See here for more information on TSSU's Anti-Harassment Committee.

Harassment Survey


In Spring 2013, TSSU conducted a survey of its membership's experience with harassment at SFU. The impetus for the survey came from the ongoing experience of members coming forward privately to TSSU to report harassment and seek guidance, but not wanting their experiences to be reported officially. The survey was emailed to approximately 1,800 TSSU members on the all-tssu mailing list, and 315 members responded.

Harassment Survey Conclusions

Nearly half of respondents (47.8%) reported experiencing one of the harassing behaviours (see the table below) while at SFU. Most of these experiences were due to actions from students, but there's also a significant problem with harassment from supervisors. The vast majority (69.5%) did not report the behaviours, while 17.1% reported in some cases only. The most common experiences are slurs and jokes, followed closely by behaviour that causes you to feel threatened. The survey also reveals that our members don't talk to each other about these experiences: 47.8% reported experiencing them, yet only 39.3% report knowing someone else who has experienced them. Overall, the survey shows that harassment is a serious and highly under-reported problem at SFU.

Raw results posted below:

Question 1: Have you experienced harassment at SFU?

image of response to question showing 23.5% yes and 76.5% no

Question 2: A matrix which allowed respondents to select the behaviours they had experienced and from whom.

image of response to question showing % of different harassment experiences and their sources

Question 3: On reporting the behaviour.

Image detailing % of harassment incidents reported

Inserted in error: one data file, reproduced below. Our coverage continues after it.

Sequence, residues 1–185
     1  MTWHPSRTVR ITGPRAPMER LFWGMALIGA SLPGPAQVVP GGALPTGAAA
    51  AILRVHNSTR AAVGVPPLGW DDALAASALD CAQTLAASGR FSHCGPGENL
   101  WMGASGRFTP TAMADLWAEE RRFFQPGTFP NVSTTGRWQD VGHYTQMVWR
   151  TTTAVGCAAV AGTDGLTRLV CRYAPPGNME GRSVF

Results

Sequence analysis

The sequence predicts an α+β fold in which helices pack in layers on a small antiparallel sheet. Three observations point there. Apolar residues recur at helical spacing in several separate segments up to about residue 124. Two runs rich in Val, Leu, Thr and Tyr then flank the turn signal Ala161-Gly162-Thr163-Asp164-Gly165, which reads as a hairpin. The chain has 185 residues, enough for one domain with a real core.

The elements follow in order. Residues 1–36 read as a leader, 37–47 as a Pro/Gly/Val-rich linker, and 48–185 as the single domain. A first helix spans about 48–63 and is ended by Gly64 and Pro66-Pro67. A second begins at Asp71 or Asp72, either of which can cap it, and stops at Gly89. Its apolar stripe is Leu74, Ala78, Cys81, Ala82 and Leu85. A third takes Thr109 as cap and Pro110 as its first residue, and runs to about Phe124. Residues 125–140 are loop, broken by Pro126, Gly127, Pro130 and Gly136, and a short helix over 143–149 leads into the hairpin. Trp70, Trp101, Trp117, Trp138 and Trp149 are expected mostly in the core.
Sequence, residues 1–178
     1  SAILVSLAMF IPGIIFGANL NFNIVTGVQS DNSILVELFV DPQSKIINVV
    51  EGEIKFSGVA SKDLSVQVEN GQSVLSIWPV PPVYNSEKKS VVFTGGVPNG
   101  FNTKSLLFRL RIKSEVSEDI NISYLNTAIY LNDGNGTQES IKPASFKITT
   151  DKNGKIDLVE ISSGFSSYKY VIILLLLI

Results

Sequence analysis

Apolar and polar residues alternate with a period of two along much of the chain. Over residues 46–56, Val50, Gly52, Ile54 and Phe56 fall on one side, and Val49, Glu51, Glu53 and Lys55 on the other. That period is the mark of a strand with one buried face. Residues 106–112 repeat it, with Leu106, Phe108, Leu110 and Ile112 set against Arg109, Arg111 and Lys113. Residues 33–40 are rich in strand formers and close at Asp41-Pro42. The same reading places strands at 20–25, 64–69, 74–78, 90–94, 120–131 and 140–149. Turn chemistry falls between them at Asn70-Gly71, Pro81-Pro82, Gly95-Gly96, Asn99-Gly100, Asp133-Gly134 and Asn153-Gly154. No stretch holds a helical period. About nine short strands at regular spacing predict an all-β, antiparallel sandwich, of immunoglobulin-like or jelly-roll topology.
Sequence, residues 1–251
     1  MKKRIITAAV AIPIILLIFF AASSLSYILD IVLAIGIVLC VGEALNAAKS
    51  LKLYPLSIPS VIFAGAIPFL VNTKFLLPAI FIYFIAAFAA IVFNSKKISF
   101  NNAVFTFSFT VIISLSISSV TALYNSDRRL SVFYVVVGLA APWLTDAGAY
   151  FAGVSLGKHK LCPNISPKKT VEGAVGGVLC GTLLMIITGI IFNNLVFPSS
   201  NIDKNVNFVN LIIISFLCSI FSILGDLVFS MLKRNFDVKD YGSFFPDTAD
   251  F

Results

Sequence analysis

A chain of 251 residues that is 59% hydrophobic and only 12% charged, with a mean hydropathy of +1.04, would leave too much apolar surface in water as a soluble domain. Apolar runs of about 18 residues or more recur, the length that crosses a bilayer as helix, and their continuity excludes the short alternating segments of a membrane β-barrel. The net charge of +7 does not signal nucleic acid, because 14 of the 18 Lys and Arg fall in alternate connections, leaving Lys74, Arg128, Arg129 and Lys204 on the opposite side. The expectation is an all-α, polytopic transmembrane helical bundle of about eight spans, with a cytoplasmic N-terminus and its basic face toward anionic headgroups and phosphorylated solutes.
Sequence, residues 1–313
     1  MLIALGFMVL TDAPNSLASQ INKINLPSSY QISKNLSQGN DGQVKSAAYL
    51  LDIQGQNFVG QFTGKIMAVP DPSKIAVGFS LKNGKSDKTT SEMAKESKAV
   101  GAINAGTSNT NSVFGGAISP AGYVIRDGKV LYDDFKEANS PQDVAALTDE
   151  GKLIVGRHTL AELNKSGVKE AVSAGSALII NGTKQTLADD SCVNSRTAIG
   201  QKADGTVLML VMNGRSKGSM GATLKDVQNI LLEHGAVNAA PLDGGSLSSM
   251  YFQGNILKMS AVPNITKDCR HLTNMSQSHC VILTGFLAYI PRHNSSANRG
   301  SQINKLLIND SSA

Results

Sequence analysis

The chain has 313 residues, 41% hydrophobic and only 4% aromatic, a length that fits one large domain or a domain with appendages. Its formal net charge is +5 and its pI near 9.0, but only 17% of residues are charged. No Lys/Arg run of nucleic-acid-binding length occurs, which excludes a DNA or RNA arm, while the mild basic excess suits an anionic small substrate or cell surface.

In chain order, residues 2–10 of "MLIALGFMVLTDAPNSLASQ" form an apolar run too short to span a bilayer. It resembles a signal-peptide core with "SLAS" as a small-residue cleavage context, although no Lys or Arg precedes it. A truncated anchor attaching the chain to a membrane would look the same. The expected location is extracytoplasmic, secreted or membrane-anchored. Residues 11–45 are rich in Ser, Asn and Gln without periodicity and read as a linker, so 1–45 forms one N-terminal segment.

Question 4: A matrix which allowed respondents to select the behaviours they had knowledge of others experiencing while at SFU.

image showing % of types of harassment experienced

*1  These numbers vary as respondents were not required to answer a question (i.e. they left it blank)
*2  The number of respondents here is calculated based on the number who reported experiencing some behaviour, not the total number who answered the question.


What can I do if I am being harassed by a fellow TSSU member?

The employer is legally obligated to provide a workplace free from harassment, which includes harassing behaviour by administrative staff, a supervisor, other faculty, a student, or a fellow worker. If you are being harassed by a TSSU member, please come to see us. As with any problem we encounter, we will take only the steps that you authorize.  In the event that a formal grievance or complaint is filed as a result, we will ensure that each member involved is provided with representation by the Union, if they so wish.

It is important to us all that we work in a healthy environment free from harassment. TSSU is committed to following all steps necessary to pursue this goal.

For more information on harassment at SFU or to get involved with the Anti-Harassment Committee, please email

Since 1978

The Teaching Support Staff Union (TSSU)